Cooperative Principle and Politeness Principle in English-speaking and Chinese Cultures

Abstract: The Cooperative Principle and Politeness Principle are widely known pragmatic principles used to interpret the literal sense and pragmatic force of utterances, and there exists a "trade-off relationship between them. However, they are not universal when different cultures are taken into account. Therefore, this thesis seeks to provide insight into the universality, specificity and relationship between CP and PP from the cultural angle, in the hope of broadening the field of contrastive study and helping people to communicate appropriately in cross-cultural communication.This paper falls into four chapters.The first chapter reviews the major research done by Chinese scholars, and points out the objects and significance of this study.Chapter Two examines the application of CP in English-speaking and Chinese cultures, especially examining the cultural aspects which have been used to explain why Chinese behavior does not necessarily conform to the CP. Generally, there are five aspects are highlighted. First of all, it is concerned with the concept of high-context culture. In high-context culture, most information lies either in the setting or in thepeople who are conversing. Therefore, much information can be sensed, and does not have to be conveyed. The second aspect is finial piety. Because pan-clanism is valued in China, a person is not a separate and independent entity and is subject to the dictates of family and community. Consequently, he must keep his behavior in check, comply with the doctrines of mean, and when he speaks, he must usually conform to the Maxims of Tact and Agreement of PP. On the other hand, Chinese frequently violate the Maxims of Quantity, Quality, and Manner of CP, for the sake of harmony. The third aspect is connected with hierarchy. In hierarchical society, the giving of information is uneven. Fourth, because China is a land of ceremony and etiquette with a long history, people tend to express emotions indirectly for the sake of politeness and frequently sacrifice the Maxim of Quality. The final aspect lies in the structure of Chinese language, a loose structure that promotes ambiguity.Chapter Three contrastively studies different politeness phenomena, compares Leech's PP and Gu's PP, and tentatively rectifies and complements Gu's PP based on the Chinese cultural background. The cultural roots that underlie the formulation of English PP and Chinese PP have also been examined. In English-speaking culture, individualism, privacy, equality, and assertiveness are valued most, while in Chinese culture, collectivism, large-power distance, harmony, the doctrines of mean, and Confucius' Li and Ren are highlighted.Chapter Four rounds off the discussion by reviewing the general idea of this paper: (1) Chinese violate or sacrifice the CP except in certain proscribed situations; (2) Chinese culture gives PP a higher value and gives precedence to the Modesty Maxim realized by self-depreciation; (3) both English-speakers and Chinese are politeness-loving people, but each group possesses its own unique way of showing politeness; (4) through rectification and complement, Gu's PP is made more convincing…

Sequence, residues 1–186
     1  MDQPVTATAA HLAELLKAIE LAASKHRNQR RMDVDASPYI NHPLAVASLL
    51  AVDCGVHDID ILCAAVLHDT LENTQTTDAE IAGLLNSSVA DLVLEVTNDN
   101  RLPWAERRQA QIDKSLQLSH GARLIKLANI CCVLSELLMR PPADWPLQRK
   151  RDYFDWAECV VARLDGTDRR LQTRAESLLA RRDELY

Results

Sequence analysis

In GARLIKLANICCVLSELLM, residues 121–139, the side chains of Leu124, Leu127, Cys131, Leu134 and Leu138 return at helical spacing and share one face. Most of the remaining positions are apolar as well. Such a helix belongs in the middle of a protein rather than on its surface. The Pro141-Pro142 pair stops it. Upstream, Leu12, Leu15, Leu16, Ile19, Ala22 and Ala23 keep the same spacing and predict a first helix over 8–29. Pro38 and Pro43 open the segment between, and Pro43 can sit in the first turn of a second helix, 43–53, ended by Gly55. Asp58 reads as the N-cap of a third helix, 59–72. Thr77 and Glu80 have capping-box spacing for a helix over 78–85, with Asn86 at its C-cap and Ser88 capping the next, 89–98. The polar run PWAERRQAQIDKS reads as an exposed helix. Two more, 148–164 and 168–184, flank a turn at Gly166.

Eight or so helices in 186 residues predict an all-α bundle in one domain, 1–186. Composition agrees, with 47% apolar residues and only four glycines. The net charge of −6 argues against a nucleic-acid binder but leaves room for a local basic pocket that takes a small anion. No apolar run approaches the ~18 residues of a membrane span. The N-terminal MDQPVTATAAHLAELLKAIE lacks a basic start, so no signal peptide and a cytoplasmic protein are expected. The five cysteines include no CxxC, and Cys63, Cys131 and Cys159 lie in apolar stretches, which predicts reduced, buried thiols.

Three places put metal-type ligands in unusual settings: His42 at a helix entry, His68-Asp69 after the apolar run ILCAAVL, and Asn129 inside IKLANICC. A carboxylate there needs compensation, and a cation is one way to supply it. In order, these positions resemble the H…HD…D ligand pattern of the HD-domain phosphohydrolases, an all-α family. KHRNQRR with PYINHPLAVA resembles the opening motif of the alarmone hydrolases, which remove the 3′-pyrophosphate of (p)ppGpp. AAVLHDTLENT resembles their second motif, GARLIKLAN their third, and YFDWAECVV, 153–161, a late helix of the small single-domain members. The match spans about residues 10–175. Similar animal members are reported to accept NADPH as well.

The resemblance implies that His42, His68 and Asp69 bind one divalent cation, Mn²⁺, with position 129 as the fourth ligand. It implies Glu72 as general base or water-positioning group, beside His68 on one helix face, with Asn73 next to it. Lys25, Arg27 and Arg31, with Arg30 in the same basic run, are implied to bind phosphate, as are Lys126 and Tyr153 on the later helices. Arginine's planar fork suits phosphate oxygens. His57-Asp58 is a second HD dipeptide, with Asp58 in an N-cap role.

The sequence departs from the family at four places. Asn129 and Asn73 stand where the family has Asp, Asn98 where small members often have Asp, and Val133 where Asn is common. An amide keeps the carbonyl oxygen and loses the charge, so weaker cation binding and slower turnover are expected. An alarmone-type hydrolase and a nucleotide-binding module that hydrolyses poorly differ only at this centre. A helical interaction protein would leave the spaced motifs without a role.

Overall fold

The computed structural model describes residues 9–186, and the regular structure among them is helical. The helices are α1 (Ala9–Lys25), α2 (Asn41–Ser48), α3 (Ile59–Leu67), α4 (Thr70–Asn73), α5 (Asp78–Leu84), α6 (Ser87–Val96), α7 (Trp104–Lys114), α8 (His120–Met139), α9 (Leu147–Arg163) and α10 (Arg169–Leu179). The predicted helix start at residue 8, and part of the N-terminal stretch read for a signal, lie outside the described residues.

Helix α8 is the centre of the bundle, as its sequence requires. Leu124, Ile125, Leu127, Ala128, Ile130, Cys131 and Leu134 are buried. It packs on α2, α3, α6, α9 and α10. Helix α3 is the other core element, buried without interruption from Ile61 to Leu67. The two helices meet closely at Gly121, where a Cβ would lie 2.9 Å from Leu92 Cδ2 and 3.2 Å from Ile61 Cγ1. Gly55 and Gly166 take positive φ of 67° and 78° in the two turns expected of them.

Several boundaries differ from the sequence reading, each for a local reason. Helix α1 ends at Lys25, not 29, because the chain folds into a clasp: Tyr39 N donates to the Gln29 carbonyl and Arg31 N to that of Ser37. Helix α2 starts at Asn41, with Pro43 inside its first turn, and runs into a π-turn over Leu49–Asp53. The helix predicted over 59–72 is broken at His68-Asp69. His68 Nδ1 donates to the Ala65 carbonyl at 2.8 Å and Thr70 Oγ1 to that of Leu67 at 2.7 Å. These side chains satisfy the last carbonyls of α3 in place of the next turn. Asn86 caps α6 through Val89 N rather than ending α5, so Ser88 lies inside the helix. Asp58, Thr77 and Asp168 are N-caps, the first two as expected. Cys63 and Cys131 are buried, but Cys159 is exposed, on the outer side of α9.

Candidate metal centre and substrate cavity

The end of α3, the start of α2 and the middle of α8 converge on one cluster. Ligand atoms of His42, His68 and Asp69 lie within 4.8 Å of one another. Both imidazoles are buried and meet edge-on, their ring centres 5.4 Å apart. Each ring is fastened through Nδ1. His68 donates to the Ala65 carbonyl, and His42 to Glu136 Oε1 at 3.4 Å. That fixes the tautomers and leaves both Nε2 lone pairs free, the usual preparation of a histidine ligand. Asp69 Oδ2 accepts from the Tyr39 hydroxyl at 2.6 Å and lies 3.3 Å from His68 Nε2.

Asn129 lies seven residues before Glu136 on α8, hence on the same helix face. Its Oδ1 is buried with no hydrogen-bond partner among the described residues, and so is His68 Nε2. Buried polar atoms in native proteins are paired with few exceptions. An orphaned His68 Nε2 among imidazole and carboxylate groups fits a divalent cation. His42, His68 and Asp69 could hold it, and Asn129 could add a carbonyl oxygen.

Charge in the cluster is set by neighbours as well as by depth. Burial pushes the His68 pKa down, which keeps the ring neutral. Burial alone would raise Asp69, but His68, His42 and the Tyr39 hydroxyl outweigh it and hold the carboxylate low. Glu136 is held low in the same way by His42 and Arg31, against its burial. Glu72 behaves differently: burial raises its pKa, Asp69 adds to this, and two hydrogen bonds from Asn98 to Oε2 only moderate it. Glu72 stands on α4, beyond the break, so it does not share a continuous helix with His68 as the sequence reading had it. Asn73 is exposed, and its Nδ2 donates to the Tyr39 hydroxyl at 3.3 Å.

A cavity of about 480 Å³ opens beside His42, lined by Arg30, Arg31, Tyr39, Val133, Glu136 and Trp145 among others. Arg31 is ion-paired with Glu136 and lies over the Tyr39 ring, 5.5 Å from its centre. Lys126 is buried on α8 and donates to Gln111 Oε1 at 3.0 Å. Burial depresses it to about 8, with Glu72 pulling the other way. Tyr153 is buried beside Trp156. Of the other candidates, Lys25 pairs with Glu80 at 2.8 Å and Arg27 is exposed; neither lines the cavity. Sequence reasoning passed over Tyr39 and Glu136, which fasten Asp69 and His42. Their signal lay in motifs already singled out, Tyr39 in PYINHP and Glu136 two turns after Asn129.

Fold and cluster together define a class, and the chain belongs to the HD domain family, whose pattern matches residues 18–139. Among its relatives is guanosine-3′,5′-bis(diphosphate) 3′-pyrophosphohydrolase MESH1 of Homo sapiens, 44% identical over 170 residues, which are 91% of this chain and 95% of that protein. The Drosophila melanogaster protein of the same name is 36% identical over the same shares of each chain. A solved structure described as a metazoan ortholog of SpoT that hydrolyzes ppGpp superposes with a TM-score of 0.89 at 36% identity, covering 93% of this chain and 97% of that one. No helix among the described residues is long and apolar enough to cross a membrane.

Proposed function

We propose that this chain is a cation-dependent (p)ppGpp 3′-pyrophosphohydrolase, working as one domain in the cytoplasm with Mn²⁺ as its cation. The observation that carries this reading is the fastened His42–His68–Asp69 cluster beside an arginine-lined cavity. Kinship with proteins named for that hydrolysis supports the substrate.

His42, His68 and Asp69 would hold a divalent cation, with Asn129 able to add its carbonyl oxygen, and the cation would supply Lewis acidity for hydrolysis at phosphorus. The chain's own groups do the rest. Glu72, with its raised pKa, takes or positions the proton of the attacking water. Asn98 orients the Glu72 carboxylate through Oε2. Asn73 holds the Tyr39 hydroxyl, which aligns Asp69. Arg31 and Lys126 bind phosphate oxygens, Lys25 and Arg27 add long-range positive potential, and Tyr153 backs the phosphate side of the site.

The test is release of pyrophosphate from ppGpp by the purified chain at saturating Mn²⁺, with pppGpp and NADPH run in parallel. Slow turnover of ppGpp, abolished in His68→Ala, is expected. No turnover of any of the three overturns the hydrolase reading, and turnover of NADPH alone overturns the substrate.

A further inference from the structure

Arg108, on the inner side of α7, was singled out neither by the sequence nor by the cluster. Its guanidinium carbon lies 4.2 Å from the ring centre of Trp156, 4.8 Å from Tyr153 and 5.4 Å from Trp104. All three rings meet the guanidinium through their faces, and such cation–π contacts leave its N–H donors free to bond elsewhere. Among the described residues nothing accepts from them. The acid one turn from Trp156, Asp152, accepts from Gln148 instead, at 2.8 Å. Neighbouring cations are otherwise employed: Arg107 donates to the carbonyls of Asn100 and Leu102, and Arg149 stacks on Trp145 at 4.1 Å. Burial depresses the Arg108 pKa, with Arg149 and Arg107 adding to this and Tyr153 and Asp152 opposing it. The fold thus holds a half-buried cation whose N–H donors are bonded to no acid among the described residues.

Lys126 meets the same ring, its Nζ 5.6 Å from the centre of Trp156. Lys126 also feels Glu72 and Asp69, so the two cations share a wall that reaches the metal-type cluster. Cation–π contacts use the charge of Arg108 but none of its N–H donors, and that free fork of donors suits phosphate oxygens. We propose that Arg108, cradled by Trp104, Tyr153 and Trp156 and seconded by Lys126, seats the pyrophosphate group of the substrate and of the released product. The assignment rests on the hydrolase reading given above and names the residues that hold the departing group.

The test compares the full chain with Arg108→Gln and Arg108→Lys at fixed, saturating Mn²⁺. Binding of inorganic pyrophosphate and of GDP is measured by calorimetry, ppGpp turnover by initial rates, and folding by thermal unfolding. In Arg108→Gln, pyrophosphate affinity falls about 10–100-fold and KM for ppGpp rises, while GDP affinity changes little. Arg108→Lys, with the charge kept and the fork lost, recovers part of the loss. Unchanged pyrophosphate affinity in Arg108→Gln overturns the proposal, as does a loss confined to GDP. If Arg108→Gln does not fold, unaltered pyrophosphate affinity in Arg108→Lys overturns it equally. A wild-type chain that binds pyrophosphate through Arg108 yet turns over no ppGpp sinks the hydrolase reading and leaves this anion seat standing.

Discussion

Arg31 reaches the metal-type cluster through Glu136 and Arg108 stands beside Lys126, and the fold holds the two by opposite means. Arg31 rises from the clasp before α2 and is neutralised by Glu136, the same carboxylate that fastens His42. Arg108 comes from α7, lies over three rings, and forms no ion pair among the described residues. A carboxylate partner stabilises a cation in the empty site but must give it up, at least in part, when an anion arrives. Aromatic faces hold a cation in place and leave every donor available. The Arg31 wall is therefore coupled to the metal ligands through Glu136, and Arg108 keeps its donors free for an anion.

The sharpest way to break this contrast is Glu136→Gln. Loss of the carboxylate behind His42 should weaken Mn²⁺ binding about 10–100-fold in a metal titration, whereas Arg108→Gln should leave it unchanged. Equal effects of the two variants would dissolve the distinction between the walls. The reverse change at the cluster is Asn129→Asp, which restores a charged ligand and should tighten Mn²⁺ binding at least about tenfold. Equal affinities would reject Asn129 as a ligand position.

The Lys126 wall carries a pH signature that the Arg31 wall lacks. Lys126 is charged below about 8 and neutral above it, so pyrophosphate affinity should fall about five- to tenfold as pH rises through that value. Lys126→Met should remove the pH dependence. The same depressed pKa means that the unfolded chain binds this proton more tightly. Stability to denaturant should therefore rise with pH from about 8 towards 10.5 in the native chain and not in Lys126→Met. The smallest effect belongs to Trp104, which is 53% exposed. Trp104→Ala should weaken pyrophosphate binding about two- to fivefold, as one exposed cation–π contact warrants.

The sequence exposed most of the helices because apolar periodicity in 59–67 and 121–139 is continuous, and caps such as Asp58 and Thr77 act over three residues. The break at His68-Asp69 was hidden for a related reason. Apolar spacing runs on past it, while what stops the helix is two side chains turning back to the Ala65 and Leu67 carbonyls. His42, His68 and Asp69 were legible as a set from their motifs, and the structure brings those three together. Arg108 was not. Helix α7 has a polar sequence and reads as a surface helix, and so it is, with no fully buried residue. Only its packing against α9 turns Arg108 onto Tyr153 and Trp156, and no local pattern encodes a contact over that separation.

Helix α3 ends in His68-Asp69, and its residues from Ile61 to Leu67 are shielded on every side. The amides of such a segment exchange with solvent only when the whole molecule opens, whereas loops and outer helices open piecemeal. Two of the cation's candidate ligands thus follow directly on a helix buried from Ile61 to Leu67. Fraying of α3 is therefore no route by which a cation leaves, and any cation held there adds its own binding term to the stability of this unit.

Key words: idiom; culture vacancy; translation; pragmatic equivalence; adaptability theory

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